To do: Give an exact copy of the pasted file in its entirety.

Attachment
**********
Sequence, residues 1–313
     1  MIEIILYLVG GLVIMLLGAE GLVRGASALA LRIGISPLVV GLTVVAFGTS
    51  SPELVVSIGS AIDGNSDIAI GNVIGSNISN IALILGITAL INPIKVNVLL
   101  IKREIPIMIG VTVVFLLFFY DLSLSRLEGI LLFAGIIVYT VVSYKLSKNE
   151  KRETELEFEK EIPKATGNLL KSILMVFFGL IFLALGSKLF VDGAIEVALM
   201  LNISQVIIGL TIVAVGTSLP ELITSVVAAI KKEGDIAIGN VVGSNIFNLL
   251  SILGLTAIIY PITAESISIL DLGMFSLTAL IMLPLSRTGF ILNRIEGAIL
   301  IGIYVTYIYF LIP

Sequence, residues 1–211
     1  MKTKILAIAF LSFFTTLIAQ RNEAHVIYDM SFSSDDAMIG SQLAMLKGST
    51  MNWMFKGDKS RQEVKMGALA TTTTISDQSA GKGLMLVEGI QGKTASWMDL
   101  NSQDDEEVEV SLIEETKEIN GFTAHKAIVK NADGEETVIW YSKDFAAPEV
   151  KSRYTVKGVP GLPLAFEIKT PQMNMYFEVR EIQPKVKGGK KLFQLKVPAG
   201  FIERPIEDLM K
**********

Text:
Sequence, residues 1–313
     1  MIEIILYLVG GLVIMLLGAE GLVRGASALA LRIGISPLVV GLTVVAFGTS
    51  SPELVVSIGS AIDGNSDIAI GNVIGSNISN IALILGITAL INPIKVNVLL
   101  IKREIPIMIG VTVVFLLFFY DLSLSRLEGI LLFAGIIVYT VVSYKLSKNE
   151  KRETELEFEK EIPKATGNLL KSILMVFFGL IFLALGSKLF VDGAIEVALM
   201  LNISQVIIGL TIVAVGTSLP ELITSVVAAI KKEGDIAIGN VVGSNIFNLL
   251  SILGLTAIIY PITAESISIL DLGMFSLTAL IMLPLSRTGF ILNRIEGAIL
   301  IGIYVTYIYF LIP

Sequence, residues 1–211
     1  MKTKILAIAF LSFFTTLIAQ RNEAHVIYDM SFSSDDAMIG SQLAMLKGST
    51  MNWMFKGDKS RQEVKMGALA TTTTISDQSA GKGLMLVEGI QGKTASWMDL
   101  NSQDDEEVEV SLIEETKEIN GFTAHKAIVK NADGEETVIW YSKDFAAPEV
   151  KSRYTVKGVP GLPLAFEIKT PQMNMYFEVR EIQPKVKGGK KLFQLKVPAG
   201  FIERPIEDLM K